Defining Your Open-Vacation Policy

Unlimited time off, flexible time off, discretionary time off – these buzzwords have been showing up increasingly in the workplace vernacular since companies like Netflix, Hubspot, General Electric, and Virgin began moving away from traditional time off policies nearly a decade ago. But what do they mean? It may seem like alternative paid time off policies all fall under the same blanket, but the devil lies in the details. How you define your open-vacation policy down to its name can have a major impact on your company's culture and operations.

Definitions may differ from company to company, but here’s a quick breakdown of some common open-vacation policies and the differences between them:

  • Unlimited time off - Also called unlimited vacation or unlimited PTO, employees can decide when and take as much time off as they need without accruing hours and in some cases, getting management approval.
  • Flexible time off (FTO) - Also called flexible PTO or flexible vacation, this is time off that employees can take when they choose to and generally don’t have to accrue or count the hours. It can be used for vacation or sick time as needed. Usually requires manager approval.
  • Discretionary time off (DTO) - Employees decide when they take time off but it can’t alter their work schedule on a consistent basis. Their time off also can’t cause excessive burdens on their co-workers. Usually requires manager approval.

Considering an Open-Vacation Policy?

Open-vacation policies can be highly beneficial to employees, not to mention an enticing recruitment tool for new hires. It allows people to more effectively manage their work, and it eliminates the stress of minutia. Taking an afternoon off to take care of a sick child or to see their sporting event is no longer a matter of sacrificing sick days or chipping away at an already limited number of paid days off.

Employers also benefit from the elimination of a complex system of unused and forfeited days off, and the costly payouts for companies therein. Tracking individual hours can make managing vacation time difficult as well.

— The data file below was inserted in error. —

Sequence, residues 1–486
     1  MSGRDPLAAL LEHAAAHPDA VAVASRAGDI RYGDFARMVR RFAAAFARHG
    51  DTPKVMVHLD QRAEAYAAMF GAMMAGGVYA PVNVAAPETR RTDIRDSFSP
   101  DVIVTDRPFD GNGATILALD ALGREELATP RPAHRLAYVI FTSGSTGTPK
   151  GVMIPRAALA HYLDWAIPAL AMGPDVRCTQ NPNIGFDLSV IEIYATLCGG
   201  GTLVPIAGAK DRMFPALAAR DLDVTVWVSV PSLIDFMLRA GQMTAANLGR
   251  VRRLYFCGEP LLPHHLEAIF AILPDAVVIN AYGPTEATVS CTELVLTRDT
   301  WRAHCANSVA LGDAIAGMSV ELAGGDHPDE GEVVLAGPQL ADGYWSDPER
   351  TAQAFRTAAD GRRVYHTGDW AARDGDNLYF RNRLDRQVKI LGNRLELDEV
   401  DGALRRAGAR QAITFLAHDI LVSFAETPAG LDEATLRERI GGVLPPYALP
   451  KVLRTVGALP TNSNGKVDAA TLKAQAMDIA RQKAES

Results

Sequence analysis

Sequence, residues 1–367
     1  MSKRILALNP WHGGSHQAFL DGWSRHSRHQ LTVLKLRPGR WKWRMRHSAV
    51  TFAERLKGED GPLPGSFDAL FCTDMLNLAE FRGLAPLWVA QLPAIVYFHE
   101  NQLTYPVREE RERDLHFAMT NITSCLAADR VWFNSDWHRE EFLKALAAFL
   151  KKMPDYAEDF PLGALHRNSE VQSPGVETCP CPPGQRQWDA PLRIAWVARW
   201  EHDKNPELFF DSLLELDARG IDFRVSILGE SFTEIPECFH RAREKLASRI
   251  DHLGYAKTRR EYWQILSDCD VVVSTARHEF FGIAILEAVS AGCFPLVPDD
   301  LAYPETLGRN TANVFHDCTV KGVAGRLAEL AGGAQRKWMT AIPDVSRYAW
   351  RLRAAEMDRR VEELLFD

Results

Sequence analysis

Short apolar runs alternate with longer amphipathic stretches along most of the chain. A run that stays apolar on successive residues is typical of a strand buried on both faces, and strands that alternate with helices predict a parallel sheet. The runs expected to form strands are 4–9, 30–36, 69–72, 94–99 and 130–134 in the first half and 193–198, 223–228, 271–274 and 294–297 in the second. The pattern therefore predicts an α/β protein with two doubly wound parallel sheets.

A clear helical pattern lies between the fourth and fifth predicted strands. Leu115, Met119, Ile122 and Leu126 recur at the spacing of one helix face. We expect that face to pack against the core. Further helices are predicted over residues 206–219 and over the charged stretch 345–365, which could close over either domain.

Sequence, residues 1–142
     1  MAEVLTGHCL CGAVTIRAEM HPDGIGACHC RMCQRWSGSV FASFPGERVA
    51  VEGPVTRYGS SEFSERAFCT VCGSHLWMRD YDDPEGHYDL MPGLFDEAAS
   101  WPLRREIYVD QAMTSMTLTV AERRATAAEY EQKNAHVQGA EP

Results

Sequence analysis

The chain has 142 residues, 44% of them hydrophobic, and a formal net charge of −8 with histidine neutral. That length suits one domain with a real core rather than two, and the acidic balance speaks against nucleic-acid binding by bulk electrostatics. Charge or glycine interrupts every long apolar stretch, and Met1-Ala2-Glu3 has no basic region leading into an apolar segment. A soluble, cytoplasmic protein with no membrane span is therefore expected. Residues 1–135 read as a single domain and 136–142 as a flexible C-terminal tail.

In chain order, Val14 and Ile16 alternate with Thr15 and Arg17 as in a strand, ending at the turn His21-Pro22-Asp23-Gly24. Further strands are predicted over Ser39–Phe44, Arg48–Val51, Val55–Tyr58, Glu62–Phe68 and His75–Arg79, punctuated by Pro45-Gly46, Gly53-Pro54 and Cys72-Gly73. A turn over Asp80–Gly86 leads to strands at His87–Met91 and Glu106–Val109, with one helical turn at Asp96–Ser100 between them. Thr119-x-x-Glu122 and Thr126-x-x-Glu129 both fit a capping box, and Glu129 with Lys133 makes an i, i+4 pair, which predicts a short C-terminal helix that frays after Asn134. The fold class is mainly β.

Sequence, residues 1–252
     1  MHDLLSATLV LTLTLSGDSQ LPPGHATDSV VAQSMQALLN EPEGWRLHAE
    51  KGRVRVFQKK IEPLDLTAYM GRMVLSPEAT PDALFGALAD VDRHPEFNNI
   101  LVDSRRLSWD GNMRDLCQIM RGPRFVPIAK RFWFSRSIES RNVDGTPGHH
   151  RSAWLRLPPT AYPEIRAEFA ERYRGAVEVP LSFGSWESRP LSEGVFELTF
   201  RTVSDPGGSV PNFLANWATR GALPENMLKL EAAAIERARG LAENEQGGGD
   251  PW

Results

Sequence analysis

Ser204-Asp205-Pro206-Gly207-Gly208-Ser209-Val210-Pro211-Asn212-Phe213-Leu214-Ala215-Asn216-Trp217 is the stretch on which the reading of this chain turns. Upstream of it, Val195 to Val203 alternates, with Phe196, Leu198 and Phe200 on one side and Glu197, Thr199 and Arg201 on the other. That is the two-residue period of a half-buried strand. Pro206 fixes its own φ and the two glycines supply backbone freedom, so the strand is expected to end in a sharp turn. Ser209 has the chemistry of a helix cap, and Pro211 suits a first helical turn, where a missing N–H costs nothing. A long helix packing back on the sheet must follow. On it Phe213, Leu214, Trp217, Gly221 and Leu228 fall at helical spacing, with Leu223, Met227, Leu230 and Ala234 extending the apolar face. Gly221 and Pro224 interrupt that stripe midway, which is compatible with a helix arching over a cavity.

Why "Unlimited" Became "Flexible" Time Off

But the fact that open-vacation has evolved from "unlimited" to "flexible" to "discretionary" over the years highlights some of the challenges that companies might face implementing this type of policy. Early on, companies found that calling their policy "unlimited" lead to undercommunication around absences, causing an unnecessary burden on other team members due to frequent absences or lack of awareness for absences.

So "unlimited" was redefined - and with the name changes came the introduction of manager oversight, approvals, vacation minimums, caps, coverage assignments, OOO calendar events, etc. - putting more onus on an employee to account for their team and responsibilities and leading to better intra-office communication.

Kickstarter moved from an unlimited to discretionary policy due to employees’ confusion and lack of communication. They found employees were taking even less days with unlimited vacation, but with discretionary time off and a cap of 25 days, there was a better response. Sailthru found that discretionary time off allowed them to give their employees freedom while tacking on directives that kept the office running smoothly. LinkedIn adopted a discretionary time off policy in 2015, citing the ownership and health benefits it granted employees as a reason to press forward. Pat Wadors, LinkedIn’s HR executive, even called the policy an “intelligent risk.”

No Policy is Perfect

Although it's a small and often overlooked process/policy, time off can have a profound impact not only on employee health, but on your company's operational efficiency as well. Careful consideration must be taken when writing any time off policy, especially an open-ended one. It doesn't necessarily matter what you name it. What matters is the structure you build around it, the process you define in your handbook, and the overall ethos and dedication your team has toward balancing wellness with responsibility.

If you're struggling to scale your open-vacation policy, take a look at how some reputable companies define their vacation policies in their employee handbooks.

And check out PTO Ninja, a Slack app that can help you maintain structure and visibility around absences without making employees feel like they're being tracked. Used by over 400 teams in 65+ countries!

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About Kevin Corliss

Kevin is CEO and co-founder of Treehoppr where he's in charge of strategy and marketing. Kevin is an outdoor enthusiast and travel addicted. Contact him via email at